2. 2. © 2014 KPMG, an Indian Registered Partnership and a member firm of the KPMG network of independent member firms affiliated with KPMG International Cooperative (“KPMG International”), a Swiss entity. All rights reserved. TPO’s contentions  The TPO contended that apart from routine sourcing activities, the taxpayer was making sizeable investments in exploring and analysing the Indian market.  It further claimed that the taxpayer arranged feasibility studies, industry analysis and project evaluation for potential projects identified by the AEs. Additionally, the taxpayer was also helping its AEs in taking conscious sale and purchase decisions.  The TPO held that the taxpayer developed several unique intangibles which gave advantage to its AEs, though the development and usage cost was not taken into consideration in receiving compensation.  Against such a backdrop, the TPO held that the taxpayer was not adequately compensated by its AEs and the Profit Split Method (PSM) was required to be applied for determining the arm’s length price (ALP) of the international transactions under this segment.  In reaching this conclusion, the TPO mainly relied on the Tribunal ruling of Li & Fung 2 . Based thereon, the taxpayer was required to be compensated in the total profits on the Freight On Board (FOB) value of the goods transacted by foreign AEs, in the ratio of 70:30, in favour of the taxpayer, and arrived at a value of INR301.4 million as a share in profits.  Alternatively, the TPO adopted TNMM by treating the taxpayer as a commission agent and arrived at a set of nine comparables and arrived at a mean margin of profit at 42.13 per cent on cost. There was no clarity on the composition of the set and later the TPO dropped this approach and relied on the PSM approach. The Dispute Resolution Panel (DRP) upheld the TPO’s order. Taxpayer’s contentions  The taxpayer has placed some material on record stating that it did not carry out any feasibility study or any other kind of value-added services for its AEs. Its primary service was to act as a mediator.  The AEs and vendors were responsible for extensive activities like contracting, pricing, sourcing, procuring, inventory management, marketing, quality, etc., while the taxpayer's activities were limited to the supply of market information, liaising with vendors and co- ordination. ______________ 2 Li & Fung (India) Pvt. Ltd. v. DCIT (2012) 143 TTJ 201(Del)  The taxpayer was adequately compensated with a fixed fee for such activity. Observations of the Tribunal  The Tribunal stressed that due importance should have been given to the transactions structure of the taxpayer’s business as per the chart/table provided by the taxpayer, which was also submitted before the TPO. For each transaction, the taxpayer’s risk was minimal with least capital employed.  The TPO failed to consider this information and the risk analysis provided by the taxpayer. Further, the TPO’s claim of the taxpayer’s involvement in carrying out feasibility studies, etc. could only be linked to non-AEs. Other contentions of the TPO also could not be justified due to lack of supporting evidence.  The Tribunal also stated that the TPO was deeply influenced by the Li & Fung ruling, which was set aside by the Delhi High Court, without considering the functional and remuneration differences in the two cases. In the present case, the taxpayer followed a different compensation model with a fixed fee for rendering market support service and commission on purchase/sale transactions; unlike a cost-plus basis in the reference drawn.  Further, the tax department also relied on the Mitsubishi ruling 3 , without noting that there was transfer of titles in that case, whereas there was no such transfer, thereby impacting risk profiles, in the present case. Tribunal’s ruling  The Tribunal stated that the contentions made by the TPO; the taxpayer assuming substantial risks, doing critical functions for its AEs, and allowing the use of its highly-valued intangibles to such AEs are all in air without any bedrock. There was absolutely no evidence to support the findings.  As the TPO could not provide any evidence of the taxpayer assuming high level of risks or creating unique intangibles, a PSM could no longer be adopted. _____________ 3 Mitsubishi Corporation India Pvt. Ltd. v. ACIT (ITA 5147/Del/2010)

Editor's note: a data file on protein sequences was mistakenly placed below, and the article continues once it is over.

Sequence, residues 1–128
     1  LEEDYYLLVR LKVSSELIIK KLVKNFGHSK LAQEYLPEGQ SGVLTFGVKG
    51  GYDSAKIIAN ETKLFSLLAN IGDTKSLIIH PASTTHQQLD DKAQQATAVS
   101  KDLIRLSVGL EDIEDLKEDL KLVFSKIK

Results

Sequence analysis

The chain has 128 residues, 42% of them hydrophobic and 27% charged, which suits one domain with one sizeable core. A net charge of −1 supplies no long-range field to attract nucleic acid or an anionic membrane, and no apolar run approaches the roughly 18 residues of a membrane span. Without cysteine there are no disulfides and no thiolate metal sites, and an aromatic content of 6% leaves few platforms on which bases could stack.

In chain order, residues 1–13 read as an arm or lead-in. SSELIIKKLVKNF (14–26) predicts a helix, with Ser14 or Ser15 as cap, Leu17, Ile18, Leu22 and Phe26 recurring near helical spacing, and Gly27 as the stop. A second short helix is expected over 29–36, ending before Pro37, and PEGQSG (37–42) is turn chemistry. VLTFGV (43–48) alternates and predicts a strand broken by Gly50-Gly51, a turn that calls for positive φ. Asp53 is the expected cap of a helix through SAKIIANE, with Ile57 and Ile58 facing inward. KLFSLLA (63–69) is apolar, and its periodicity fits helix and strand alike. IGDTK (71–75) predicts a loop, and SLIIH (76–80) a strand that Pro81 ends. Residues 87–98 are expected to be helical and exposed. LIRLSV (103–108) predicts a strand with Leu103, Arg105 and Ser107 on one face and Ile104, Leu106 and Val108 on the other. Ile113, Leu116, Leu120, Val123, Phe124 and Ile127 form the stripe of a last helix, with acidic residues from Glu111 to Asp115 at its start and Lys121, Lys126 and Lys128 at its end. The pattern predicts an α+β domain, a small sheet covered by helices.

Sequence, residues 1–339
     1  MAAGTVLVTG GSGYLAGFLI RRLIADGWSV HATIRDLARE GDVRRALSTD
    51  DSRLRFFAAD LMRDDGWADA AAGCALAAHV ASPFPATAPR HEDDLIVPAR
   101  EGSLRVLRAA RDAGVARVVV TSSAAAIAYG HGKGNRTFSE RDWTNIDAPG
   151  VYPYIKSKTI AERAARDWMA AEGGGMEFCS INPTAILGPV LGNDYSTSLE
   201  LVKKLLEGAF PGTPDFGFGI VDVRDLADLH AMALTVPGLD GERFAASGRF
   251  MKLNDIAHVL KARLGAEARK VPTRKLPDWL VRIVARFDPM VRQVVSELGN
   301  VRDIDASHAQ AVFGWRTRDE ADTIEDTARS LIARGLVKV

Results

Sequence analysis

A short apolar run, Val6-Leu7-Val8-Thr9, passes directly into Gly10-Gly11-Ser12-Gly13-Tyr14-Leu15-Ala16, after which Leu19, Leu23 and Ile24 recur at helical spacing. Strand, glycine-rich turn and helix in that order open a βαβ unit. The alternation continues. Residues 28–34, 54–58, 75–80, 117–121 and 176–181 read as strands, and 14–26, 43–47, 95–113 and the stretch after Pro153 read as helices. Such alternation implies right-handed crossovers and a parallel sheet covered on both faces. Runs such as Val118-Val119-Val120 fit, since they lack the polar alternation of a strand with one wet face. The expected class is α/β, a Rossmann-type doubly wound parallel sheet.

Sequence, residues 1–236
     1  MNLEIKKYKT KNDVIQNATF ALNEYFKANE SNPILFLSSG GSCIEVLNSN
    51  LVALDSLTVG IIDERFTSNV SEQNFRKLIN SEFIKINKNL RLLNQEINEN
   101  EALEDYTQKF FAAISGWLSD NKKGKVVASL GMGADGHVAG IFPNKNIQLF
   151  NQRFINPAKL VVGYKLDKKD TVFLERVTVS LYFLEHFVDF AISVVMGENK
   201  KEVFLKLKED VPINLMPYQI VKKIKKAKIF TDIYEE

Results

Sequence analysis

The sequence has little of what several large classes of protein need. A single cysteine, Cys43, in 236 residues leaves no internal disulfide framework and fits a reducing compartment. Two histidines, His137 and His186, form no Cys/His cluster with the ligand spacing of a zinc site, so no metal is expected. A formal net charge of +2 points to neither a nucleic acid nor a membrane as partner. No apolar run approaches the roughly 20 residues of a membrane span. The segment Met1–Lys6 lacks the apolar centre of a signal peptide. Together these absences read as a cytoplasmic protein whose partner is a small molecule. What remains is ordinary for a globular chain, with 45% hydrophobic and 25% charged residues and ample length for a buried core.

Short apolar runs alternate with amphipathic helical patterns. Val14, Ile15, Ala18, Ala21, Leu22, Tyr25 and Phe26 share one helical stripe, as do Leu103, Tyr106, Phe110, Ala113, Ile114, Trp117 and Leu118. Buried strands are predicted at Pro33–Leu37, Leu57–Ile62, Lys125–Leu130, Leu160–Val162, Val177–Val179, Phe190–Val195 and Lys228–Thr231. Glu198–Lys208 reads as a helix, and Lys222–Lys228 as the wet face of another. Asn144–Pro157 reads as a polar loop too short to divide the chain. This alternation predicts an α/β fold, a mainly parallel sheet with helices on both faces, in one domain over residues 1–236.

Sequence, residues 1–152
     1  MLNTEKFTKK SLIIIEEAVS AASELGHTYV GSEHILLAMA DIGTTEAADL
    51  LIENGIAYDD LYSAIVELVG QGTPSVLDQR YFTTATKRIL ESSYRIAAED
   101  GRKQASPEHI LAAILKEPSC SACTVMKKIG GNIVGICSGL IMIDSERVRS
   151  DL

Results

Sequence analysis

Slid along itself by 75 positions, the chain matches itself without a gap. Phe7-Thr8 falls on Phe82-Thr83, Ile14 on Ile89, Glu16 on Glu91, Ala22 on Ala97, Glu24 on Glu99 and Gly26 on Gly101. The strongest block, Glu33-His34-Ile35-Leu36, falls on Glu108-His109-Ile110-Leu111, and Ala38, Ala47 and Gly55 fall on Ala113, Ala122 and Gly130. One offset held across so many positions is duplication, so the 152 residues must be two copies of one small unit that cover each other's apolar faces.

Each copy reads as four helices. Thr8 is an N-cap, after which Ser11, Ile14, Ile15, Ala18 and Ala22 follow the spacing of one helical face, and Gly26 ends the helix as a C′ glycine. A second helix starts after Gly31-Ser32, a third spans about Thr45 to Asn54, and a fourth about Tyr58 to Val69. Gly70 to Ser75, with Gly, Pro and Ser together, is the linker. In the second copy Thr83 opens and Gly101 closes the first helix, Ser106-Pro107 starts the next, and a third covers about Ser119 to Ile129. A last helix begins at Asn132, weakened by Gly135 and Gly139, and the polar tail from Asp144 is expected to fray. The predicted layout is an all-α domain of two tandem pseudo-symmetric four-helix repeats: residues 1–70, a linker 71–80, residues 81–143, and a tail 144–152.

3. 3. © 2014 KPMG, an Indian Registered Partnership and a member firm of the KPMG network of independent member firms affiliated with KPMG International Cooperative (“KPMG International”), a Swiss entity. All rights reserved.  The TPO initially denied the taxpayer’s TNMM benchmarking study and carried out its own study but did not disclose anything about the same. Hence, this issue was restored to the AO/TPO for arriving at the ALP afresh, and assured reasonable opportunity for the taxpayer being heard. It however found strength in the TPO’s claim of denying use of multiple year data. Our comments The Tribunal has dismissed the TPO’s contentions of the taxpayer carrying out crucial functions and significant risks, due to the lack of supporting evidence and set aside a TP adjustment of INR301.4 million. It has also stated the TPO’s findings to be whimsical and contrary to the facts. This is a welcome decision by the Delhi Tribunal as it has analysed the functions and risks of the taxpayer and confirmed that it acts as a service provider with minimal risks, and rejected the TPO’s stand of using a PSM for marketing services/agency services.
  4. 4. © 2014 KPMG, an Indian Registered Partnership and a member firm of the KPMG network of independent member firms affiliated with KPMG International Cooperative (“KPMG International”), a Swiss entity. All rights reserved. The information contained herein is of a general nature and is not intended to address the circumstances of any particular individual or entity. Although we endeavour to provide accurate and timely information, there can be no guarantee that such information is accurate as of the date it is received or that it will continue to be accurate in the future. No one should act on such information without appropriate professional advice after a thorough examination of the particular situation. © 2014 KPMG, an Indian Registered Partnership and a member firm of the KPMG network of independent member firms affiliated with KPMG International Cooperative (“KPMG International”), a Swiss entity. All rights reserved. The KPMG name, logo and “cutting through complexity“ are registered trademarks of KPMG International Cooperative (“KPMG International”), a Swiss entity. www.kpmg.com/in Ahmedabad Commerce House V, 9th Floor, 902 & 903,Near Vodafone House,Corporate Road, Prahlad Nagar, Ahmedabad – 380 051 Tel: +91 79 4040 2200 Fax: +91 79 4040 2244 Bangalore Maruthi Info-Tech Centre 11-12/1, Inner Ring Road Koramangala, Bangalore 560 071 Tel: +91 80 3980 6000 Fax: +91 80 3980 6999 Chandigarh SCO 22-23 (Ist Floor) Sector 8C, Madhya Marg Chandigarh 160 009 Tel: +91 172 393 5777/781 Fax: +91 172 393 5780 Chennai No.10, Mahatma Gandhi Road Nungambakkam Chennai 600 034 Tel: +91 44 3914 5000 Fax: +91 44 3914 5999 Delhi Building No.10, 8th Floor DLF Cyber City, Phase II Gurgaon, Haryana 122 002 Tel: +91 124 307 4000 Fax: +91 124 254 9101 Hyderabad 8-2-618/2 Reliance Humsafar, 4th Floor Road No.11, Banjara Hills Hyderabad 500 034 Tel: +91 40 3046 5000 Fax: +91 40 3046 5299 Kochi Syama Business Center 3rd Floor, NH By Pass Road, Vytilla, Kochi – 682019 Tel: +91 484 302 7000 Fax: +91 484 302 7001 Kolkata Unit No. 603 – 604, 6th Floor, Tower – 1, Godrej Waterside, Sector – V, Salt Lake, Kolkata 700 091 Tel: +91 33 44034000 Fax: +91 33 44034199 Mumbai Lodha Excelus, Apollo Mills N. M. Joshi Marg Mahalaxmi, Mumbai 400 011 Tel: +91 22 3989 6000 Fax: +91 22 3983 6000 Pune 703, Godrej Castlemaine Bund Garden Pune 411 001 Tel: +91 20 3050 4000 Fax: +91 20 3050 4010